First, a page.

Although the percentage of women in surgical subspecialties is increasing, little is known about the experiences of these women compared with their male counterparts.
To identify career and lifestyle factors that distinguish female otolaryngologists.
Design, Setting, and Participants
Otolaryngologists were asked to respond to a confidential 119-item questionnaire. The instrument was sent to all 502 female members of the American Academy of Otolaryngology–Head and Neck Surgery who had finished their residency training and were practicing medicine. For response comparison, the survey was mailed to 2 male otolaryngologists who were matched to each female survey recipient for years since completion of training, geographic region, and practice type.
Of the 673 respondents (52.6% response rate), women were more likely to be divorced or separated (P = .001) and have fewer children (P <.001). In contrast to men, women reduced their work hours in conjunction with having more children (P <.001). Controlling for professional hours and hours spent in the operating room per week, type of practice, and years since completion of residency, women earned 15% to 20% less per year than men (P <.001). Men relied more on their spouse or partner for household responsibilities and child care (P <.001), and 34.3% of the women (compared with 7.1% of the men) spent 21 to 40 h/wk on household management (P <.001).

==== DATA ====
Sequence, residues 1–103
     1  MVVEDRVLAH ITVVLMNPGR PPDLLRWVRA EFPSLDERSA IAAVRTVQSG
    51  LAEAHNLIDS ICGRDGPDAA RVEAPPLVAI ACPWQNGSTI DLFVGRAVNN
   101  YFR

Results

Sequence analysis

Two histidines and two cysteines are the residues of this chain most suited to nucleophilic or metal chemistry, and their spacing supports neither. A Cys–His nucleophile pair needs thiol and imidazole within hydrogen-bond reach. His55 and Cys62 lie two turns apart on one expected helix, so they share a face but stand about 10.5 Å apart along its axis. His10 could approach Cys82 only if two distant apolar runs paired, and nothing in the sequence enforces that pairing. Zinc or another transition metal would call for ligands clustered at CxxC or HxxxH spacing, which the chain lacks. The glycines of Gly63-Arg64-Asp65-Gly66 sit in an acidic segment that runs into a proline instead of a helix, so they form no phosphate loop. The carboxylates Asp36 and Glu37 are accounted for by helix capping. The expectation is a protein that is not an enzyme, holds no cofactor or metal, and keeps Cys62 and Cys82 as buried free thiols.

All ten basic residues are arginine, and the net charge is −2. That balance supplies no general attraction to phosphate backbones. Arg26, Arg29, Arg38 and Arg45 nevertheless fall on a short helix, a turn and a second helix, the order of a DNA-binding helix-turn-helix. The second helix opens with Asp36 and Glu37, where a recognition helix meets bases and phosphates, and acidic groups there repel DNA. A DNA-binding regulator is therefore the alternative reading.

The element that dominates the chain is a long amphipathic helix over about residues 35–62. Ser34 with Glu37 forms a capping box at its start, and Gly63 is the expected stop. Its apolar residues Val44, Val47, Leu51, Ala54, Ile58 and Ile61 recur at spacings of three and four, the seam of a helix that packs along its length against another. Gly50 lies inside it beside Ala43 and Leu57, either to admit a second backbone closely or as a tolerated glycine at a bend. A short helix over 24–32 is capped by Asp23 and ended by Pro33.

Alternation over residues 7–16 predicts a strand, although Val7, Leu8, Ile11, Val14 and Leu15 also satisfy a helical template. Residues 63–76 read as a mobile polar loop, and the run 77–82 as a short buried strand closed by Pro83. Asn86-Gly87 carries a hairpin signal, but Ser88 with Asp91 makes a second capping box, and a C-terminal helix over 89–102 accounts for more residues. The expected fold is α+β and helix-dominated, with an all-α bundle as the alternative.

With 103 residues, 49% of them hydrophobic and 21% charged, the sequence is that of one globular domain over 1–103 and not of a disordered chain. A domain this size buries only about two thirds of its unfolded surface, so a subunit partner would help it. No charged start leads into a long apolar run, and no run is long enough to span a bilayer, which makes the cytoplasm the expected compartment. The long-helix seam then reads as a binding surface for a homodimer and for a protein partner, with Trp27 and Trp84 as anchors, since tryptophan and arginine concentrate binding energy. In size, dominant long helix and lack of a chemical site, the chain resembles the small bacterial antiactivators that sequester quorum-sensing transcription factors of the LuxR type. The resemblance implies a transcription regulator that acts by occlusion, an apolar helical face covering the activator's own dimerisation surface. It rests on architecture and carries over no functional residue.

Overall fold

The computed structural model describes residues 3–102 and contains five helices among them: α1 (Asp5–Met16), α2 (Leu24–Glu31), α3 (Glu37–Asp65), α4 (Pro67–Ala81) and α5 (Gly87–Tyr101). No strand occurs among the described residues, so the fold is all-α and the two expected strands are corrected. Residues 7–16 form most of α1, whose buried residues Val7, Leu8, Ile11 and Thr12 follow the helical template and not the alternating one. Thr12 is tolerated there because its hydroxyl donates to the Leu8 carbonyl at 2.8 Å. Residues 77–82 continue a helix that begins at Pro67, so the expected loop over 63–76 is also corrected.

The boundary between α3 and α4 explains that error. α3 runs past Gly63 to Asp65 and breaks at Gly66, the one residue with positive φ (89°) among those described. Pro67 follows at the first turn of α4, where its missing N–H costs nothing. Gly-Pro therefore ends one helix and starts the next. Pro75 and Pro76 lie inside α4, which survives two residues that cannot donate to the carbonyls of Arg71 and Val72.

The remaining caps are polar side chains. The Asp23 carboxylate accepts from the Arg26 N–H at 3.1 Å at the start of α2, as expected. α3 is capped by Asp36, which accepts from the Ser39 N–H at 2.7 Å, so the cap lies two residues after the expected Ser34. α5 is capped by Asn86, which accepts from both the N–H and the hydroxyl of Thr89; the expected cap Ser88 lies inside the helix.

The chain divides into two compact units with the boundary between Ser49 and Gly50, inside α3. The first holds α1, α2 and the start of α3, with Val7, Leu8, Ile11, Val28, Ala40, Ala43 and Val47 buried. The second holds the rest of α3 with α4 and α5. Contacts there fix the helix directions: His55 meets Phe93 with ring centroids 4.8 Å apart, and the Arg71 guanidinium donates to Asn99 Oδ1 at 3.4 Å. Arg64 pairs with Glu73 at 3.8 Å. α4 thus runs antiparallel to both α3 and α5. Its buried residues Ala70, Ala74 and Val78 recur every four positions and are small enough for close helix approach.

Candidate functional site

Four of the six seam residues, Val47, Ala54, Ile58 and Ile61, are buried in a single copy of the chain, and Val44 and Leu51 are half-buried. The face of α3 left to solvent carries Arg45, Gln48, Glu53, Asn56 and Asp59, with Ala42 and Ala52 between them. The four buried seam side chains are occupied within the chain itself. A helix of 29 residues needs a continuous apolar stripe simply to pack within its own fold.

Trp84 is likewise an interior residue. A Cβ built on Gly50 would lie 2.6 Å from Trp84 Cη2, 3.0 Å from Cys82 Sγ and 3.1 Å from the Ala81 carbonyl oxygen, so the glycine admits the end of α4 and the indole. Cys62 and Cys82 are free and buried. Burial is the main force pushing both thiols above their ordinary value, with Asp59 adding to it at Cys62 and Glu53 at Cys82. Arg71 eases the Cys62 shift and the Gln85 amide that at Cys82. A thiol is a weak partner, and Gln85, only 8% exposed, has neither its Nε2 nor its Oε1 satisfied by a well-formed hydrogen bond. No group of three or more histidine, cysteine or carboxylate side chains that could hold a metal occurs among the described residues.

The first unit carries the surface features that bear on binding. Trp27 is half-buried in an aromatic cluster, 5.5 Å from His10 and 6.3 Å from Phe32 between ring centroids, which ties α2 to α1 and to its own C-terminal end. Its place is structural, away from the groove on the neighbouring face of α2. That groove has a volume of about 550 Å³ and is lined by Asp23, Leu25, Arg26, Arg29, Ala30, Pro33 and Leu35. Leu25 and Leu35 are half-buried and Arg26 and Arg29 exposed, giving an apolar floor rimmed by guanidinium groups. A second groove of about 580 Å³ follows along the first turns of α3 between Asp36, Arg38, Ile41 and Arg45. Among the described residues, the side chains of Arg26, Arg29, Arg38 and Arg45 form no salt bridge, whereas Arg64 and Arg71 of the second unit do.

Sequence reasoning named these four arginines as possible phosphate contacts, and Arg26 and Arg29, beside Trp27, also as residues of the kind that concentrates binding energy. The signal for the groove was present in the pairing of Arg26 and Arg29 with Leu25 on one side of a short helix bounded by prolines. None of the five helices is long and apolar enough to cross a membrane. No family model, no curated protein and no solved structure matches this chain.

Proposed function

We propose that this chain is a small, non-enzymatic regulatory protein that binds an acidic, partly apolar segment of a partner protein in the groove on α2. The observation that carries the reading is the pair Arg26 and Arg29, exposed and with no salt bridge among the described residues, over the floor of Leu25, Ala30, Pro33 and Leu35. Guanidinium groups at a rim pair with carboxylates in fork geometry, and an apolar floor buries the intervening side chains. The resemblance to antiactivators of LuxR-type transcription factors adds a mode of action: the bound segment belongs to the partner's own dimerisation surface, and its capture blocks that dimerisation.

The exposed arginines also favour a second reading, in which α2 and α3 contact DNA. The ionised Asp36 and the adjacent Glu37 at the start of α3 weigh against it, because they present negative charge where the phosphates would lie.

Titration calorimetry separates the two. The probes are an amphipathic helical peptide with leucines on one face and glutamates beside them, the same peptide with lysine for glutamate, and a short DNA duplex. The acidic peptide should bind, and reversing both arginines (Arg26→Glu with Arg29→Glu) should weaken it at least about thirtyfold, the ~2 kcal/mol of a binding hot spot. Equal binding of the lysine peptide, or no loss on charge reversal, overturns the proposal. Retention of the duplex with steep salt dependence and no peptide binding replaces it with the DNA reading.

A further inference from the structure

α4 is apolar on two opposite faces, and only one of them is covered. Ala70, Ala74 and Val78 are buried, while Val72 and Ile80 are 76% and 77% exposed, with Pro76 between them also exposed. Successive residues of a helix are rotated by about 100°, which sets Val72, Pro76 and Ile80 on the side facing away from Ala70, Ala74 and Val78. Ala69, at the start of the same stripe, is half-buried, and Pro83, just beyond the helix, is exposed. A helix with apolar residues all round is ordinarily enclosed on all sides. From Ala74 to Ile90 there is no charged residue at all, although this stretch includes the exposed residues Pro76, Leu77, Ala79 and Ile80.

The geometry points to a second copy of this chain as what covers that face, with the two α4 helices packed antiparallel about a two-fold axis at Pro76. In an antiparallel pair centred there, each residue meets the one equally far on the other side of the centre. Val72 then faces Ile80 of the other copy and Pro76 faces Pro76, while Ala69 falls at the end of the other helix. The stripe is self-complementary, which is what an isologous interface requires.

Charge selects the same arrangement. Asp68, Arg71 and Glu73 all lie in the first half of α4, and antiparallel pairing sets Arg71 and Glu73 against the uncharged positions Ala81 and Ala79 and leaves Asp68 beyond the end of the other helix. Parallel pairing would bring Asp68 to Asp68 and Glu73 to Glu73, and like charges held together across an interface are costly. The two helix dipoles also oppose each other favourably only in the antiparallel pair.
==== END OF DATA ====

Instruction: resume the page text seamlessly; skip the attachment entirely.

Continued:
Although male and female otolaryngologists receive equal training opportunities, women earn less money for performing similar jobs and have increased family responsibilities, which may effect their career advancement.